The stop signal of honey bees: reconsidering its message
- Cite this article as:
- Nieh, J.C. Behav Ecol Sociobiol (1993) 33: 51. doi:10.1007/BF00164346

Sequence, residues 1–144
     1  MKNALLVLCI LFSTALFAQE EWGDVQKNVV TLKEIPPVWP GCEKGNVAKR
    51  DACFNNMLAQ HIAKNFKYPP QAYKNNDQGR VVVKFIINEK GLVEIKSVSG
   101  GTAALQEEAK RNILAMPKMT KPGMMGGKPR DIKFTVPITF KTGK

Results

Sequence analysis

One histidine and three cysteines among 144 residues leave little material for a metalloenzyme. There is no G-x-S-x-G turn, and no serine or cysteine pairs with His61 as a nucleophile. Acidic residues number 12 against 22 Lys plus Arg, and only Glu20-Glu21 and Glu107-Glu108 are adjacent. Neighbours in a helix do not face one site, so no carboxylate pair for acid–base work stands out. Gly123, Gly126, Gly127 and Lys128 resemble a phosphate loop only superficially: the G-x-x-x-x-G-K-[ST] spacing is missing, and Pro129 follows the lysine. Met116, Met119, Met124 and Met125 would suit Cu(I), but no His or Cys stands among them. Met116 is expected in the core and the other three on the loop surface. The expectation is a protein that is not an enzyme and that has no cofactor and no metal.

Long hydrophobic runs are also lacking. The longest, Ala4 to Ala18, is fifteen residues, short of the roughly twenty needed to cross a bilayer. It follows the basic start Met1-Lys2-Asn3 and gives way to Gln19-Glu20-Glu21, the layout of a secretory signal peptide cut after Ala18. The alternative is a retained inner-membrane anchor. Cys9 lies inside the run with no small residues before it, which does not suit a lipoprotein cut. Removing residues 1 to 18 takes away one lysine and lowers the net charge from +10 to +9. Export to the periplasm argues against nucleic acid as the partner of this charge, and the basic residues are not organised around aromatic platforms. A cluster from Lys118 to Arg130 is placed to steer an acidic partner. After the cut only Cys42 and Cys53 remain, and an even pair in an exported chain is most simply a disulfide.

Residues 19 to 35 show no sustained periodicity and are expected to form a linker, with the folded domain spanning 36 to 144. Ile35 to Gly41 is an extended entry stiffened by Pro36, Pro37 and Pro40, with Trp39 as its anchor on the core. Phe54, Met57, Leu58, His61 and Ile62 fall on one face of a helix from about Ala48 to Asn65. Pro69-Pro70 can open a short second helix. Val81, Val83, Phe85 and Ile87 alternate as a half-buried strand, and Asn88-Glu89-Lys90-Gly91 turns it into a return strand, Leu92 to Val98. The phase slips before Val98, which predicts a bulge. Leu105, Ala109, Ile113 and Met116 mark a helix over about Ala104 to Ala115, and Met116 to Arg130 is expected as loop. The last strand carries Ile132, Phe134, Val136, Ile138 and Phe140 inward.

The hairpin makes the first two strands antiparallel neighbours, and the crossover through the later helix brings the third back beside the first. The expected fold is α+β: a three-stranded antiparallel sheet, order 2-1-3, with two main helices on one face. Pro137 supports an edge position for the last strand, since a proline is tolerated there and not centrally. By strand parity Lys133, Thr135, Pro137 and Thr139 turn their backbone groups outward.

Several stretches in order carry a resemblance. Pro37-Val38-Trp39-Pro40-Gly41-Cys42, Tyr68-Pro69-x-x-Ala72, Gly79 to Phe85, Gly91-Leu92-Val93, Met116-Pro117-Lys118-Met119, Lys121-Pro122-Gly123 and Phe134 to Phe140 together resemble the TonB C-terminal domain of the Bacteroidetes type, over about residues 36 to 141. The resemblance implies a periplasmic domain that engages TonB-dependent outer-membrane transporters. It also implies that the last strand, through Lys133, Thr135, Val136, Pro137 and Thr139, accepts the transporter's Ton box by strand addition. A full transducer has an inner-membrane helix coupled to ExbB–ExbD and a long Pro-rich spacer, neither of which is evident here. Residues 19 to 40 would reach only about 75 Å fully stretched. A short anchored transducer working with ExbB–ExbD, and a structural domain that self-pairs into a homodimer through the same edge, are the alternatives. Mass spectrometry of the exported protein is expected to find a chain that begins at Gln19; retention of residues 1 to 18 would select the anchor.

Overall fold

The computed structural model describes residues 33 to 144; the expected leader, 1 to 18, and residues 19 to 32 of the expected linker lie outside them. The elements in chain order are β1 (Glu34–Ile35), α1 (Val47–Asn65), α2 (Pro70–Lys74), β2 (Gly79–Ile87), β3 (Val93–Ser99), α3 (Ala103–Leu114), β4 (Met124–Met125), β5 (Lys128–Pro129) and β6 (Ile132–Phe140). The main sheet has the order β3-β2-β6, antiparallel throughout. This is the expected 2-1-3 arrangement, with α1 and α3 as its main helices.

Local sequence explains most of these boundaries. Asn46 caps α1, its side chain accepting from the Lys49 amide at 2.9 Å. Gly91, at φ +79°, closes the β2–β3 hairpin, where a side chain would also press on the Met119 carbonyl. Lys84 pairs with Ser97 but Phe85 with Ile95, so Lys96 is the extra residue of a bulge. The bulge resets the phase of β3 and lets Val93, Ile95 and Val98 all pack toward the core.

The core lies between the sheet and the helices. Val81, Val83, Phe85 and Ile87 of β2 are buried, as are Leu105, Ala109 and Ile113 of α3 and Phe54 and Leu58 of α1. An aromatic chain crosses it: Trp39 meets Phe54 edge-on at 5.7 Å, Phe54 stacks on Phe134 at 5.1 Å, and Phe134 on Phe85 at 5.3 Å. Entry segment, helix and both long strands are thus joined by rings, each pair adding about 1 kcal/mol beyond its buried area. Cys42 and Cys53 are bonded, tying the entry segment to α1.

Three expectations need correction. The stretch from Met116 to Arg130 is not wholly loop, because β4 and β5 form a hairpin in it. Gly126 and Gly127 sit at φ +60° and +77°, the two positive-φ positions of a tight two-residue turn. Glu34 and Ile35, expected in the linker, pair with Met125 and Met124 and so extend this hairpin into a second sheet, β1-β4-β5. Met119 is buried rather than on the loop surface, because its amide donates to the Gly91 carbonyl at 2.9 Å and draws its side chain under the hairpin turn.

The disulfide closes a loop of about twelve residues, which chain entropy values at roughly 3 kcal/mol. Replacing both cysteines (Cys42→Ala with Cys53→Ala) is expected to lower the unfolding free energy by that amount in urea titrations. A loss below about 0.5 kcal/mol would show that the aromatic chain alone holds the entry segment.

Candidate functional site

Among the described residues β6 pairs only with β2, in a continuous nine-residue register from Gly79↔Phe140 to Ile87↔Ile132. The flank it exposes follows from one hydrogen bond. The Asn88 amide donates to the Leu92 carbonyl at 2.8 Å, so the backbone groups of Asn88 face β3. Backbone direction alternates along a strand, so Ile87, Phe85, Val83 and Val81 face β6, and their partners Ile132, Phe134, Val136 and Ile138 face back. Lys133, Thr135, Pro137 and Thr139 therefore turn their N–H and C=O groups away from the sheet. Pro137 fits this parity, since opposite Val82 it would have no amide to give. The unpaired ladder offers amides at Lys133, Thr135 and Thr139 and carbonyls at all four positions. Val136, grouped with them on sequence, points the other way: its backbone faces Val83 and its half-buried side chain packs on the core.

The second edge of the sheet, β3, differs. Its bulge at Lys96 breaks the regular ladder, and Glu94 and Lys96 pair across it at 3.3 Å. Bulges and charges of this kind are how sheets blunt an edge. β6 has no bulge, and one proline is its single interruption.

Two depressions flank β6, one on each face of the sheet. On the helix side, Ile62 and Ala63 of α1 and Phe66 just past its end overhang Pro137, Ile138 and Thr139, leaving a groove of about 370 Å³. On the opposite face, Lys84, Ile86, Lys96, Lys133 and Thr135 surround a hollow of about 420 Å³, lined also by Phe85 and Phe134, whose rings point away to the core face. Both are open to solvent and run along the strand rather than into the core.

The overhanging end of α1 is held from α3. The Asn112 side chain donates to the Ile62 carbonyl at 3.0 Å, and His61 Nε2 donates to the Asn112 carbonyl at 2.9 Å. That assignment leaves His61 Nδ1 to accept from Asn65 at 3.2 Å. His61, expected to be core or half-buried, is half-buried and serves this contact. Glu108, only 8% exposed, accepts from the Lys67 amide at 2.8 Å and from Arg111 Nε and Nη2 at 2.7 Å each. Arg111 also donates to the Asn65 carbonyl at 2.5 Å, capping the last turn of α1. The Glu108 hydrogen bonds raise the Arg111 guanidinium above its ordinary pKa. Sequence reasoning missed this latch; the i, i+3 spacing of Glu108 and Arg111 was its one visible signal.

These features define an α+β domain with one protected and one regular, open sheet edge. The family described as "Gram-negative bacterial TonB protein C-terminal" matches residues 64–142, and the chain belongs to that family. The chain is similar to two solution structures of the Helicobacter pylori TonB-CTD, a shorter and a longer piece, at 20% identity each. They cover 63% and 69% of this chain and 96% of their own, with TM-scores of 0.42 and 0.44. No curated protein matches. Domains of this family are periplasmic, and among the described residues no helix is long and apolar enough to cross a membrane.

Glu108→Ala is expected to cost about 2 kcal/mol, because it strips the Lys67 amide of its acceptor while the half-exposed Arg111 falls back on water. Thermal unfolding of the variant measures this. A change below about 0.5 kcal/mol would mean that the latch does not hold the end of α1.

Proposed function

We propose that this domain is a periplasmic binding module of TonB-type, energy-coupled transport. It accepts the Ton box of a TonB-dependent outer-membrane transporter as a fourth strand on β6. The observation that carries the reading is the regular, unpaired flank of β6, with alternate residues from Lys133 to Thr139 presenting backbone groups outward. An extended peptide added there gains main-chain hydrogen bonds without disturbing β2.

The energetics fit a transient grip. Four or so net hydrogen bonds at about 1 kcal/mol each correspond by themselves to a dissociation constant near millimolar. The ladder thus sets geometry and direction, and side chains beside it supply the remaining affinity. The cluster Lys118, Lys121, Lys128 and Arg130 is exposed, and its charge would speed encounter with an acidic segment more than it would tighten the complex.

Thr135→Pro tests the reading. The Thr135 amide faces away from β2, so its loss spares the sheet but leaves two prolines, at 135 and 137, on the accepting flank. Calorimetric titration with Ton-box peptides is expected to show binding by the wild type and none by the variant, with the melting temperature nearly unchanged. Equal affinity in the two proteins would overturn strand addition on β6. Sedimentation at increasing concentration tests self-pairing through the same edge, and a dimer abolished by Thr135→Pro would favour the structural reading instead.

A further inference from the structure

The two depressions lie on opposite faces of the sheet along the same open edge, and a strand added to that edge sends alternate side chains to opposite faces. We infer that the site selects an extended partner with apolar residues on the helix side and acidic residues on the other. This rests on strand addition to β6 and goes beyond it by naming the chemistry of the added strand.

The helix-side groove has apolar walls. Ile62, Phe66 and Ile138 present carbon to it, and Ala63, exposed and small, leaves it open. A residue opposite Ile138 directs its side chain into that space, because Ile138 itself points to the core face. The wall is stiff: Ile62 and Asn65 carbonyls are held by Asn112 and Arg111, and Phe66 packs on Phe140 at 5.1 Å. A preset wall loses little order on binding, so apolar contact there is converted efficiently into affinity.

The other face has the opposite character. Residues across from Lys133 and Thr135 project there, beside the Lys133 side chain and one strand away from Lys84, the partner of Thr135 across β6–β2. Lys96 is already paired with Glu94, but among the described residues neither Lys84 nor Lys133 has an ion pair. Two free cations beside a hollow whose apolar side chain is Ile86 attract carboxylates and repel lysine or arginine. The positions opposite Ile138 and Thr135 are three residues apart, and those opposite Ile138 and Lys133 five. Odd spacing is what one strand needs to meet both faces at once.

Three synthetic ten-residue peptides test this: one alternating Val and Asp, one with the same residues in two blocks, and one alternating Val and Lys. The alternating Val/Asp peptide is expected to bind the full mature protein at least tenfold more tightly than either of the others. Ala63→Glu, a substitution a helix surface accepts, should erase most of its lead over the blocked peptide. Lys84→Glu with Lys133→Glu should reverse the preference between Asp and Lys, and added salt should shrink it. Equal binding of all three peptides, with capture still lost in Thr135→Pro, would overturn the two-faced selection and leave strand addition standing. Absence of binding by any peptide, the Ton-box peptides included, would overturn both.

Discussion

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The stop signal of honey bees has long been regarded as a vibrational begging signal produced by dance followers to elicit food from waggle dancers (Esch 1964). On the basis of playback experiments and behavioral analysis, this study presents the following evidence for a different signal function. Stop signals (1) can be produced by tremble dancers, dance followers, and waggle dancers; (2) rarely elicit trophallaxis; and (3) evidently cause waggle dancers to leave the dance floor. Subsequent work by Kirchner (submitted) using vibrational playback experiments confirms the latter observation. When the colony's food storers are temporarily overwhelmed by a large nectar influx, returning foragers will search for prolonged periods before unloading food and consequently begin to tremble dance (Seeley 1992). In this study, tremble dancers were the major producer of stop signals on the dance floor. The stop signal may thus retard recruitment until balance is restored.